Retirement Planning With A Reverse Mortgage

Up until the last few years, financial planners as well as consumers have consistently viewed the reverse mortgage as a last resort, and that it was something you should get only if you have exhausted all your other resources. However, during the last few years several PhD’s have done some significant research into how the reverse mortgage might fit into retirement planning. Their research turned the conventional wisdom of using the reverse mortgage as a last resort on its head.

It was not until the last few years that financial planners have really begun to look at how the reverse mortgage could be used as part of retirement planning. This has come about due to several financial researchers reporting their findings

Use of Home Equity in Retirement Planning

Per a Bankrate survey, 23% of Americans site running out of money as their number one fear during retirement.[1]

A recent survey from the American College of Financial Services polled 1,000 people between the ages of 55 and 75 with at least $100,000 in investable assets and $100,000 in home equity, and the survey found: [2]

– 44% of the survey’s respondents stated that they considered using home equity in retirement, but only 25% said they would be comfortable spending it as a source of income.

– 14% of the respondents had considered a reverse mortgage, while only a single respondent admitted to carrying reverse mortgage. Among those that turned down the product, 44% said they had sufficient income and had no use for it, while 18% felt they were “too young.” Of the respondents polled, 10% said they were “not ready” to consider it, and 9% dubbed it as being “too risky.”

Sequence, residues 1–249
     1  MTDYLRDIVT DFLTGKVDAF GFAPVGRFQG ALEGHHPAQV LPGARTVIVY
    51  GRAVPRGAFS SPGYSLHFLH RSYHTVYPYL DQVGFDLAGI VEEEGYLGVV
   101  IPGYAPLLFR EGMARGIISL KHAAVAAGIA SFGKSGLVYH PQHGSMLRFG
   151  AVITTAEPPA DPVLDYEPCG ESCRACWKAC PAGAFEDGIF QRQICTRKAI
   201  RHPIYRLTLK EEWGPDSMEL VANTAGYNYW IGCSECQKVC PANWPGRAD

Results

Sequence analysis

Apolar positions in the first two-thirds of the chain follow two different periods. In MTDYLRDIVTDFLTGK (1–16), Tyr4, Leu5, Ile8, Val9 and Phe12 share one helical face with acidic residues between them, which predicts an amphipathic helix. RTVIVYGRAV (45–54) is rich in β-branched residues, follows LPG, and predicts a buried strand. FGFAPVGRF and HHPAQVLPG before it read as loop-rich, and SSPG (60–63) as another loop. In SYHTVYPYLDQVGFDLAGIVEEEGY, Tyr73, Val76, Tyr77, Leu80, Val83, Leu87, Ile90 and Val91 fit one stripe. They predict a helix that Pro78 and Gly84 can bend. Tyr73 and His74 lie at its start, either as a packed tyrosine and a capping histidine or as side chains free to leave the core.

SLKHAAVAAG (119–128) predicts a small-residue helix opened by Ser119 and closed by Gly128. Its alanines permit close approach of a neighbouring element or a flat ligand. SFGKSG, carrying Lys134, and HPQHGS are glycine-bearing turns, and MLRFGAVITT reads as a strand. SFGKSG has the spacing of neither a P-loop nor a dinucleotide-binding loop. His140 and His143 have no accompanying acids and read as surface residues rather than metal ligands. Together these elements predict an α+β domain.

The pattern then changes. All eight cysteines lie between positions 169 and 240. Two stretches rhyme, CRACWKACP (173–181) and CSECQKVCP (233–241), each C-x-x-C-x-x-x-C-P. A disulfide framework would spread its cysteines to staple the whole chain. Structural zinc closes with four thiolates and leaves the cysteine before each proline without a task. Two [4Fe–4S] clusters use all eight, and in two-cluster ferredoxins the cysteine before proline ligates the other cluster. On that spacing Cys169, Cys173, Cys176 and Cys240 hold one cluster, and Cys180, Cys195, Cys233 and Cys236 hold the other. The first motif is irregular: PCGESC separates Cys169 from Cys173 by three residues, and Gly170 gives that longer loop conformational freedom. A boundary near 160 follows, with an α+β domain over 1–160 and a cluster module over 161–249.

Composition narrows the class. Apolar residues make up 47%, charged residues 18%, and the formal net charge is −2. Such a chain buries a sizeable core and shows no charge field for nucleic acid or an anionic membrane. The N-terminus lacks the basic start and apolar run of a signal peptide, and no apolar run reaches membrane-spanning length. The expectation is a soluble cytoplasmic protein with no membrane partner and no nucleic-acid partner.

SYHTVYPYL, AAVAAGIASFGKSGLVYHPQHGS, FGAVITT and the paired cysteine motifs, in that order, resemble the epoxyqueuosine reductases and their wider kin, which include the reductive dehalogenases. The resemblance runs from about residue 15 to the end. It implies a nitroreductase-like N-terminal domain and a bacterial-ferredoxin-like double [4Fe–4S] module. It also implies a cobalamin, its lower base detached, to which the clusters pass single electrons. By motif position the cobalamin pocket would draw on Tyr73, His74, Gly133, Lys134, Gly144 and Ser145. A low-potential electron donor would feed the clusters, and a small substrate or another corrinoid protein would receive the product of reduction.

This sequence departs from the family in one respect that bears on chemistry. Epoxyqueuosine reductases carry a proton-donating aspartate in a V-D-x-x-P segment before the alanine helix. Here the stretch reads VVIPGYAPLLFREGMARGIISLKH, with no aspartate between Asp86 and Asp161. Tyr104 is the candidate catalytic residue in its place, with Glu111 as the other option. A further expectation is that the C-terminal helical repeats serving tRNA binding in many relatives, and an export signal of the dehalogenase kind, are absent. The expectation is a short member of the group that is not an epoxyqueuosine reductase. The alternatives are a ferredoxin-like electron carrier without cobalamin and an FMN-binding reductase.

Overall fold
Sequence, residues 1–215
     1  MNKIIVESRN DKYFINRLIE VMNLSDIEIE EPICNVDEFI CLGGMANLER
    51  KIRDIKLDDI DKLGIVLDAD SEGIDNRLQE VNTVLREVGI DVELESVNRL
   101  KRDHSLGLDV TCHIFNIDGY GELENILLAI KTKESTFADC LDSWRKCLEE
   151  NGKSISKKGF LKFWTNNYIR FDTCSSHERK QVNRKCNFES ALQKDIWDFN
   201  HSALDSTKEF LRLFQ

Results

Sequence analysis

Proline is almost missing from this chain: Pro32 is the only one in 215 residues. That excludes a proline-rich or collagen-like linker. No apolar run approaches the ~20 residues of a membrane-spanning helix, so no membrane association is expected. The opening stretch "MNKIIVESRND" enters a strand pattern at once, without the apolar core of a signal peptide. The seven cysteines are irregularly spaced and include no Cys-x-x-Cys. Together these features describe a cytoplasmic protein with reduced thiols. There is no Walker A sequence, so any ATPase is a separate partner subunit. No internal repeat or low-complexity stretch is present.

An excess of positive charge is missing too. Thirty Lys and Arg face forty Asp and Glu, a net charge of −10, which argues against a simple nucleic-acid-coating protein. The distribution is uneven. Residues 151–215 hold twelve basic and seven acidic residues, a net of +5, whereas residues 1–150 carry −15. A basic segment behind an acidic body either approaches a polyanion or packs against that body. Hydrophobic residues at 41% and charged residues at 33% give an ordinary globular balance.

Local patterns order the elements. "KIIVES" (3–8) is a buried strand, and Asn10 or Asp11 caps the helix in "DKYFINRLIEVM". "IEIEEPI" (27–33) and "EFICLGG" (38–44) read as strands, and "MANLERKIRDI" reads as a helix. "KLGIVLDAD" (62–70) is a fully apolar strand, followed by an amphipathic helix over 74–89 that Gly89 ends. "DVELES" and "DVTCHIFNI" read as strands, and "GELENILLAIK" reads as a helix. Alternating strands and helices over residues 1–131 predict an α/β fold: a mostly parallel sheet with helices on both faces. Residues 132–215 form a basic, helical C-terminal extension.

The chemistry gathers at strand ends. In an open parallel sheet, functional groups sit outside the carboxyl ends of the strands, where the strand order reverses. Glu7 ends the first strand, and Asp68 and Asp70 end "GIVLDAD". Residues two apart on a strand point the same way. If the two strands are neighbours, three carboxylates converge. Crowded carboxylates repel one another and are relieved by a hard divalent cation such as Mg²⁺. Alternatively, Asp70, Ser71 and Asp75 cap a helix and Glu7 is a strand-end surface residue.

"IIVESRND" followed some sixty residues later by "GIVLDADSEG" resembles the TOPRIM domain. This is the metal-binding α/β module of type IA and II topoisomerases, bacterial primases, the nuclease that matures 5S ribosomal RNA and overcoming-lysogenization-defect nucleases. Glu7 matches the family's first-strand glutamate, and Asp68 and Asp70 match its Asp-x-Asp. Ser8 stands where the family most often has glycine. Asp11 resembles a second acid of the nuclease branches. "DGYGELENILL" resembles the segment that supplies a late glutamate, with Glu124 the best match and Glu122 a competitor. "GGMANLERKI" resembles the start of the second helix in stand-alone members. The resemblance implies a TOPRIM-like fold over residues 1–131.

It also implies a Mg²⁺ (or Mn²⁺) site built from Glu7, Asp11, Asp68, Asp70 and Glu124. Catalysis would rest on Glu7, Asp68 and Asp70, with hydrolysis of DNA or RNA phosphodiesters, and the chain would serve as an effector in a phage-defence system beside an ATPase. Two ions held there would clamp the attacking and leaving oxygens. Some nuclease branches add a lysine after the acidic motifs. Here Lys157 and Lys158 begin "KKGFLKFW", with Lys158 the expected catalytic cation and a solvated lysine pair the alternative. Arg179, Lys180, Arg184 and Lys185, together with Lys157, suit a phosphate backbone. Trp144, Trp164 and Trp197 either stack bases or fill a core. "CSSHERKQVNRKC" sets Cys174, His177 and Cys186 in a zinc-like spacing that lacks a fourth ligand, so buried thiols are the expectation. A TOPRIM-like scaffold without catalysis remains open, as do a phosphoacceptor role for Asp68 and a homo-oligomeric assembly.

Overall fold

7 Ways To Use A Reverse Mortgage in Your Retirement Plan

Standby Line of Credit

One of the most amazing features about a reverse mortgage line of credit is that the unused portion of the line of credit grows in value. It grows at the current interest rate, plus .5%.

There are several reasons to consider a reverse mortgage and more specifically the standby line of credit.
1. It creates liquidity in the home from what is otherwise an illiquid asset.

2. It creates the potential to leave a larger legacy at death.

3. It creates a hedge against falling home prices. Median housing prices in the United States peaked in July 2007 and bottomed out in February 2012. Some area of the country saw a 35% drop in home values. Median prices in many areas did not hit the 2007 highs until  2017.[1] It took almost 9 years for the real estate market to recover and some areas have still not reached those 2007 highs.

The beauty of the line of credit is that housing prices have no effect on its growth. Even if home prices fall, the unused portion of the line of credit will continue to grow in value. As contrary as it sounds, you want higher interest rates, not lower rates, so that your line of credit grows bigger, faster. If you got to a point where the line of credit value exceeded the home’s value, you could draw all the funds from the line of credit if you wanted to do so.

Contingency Fund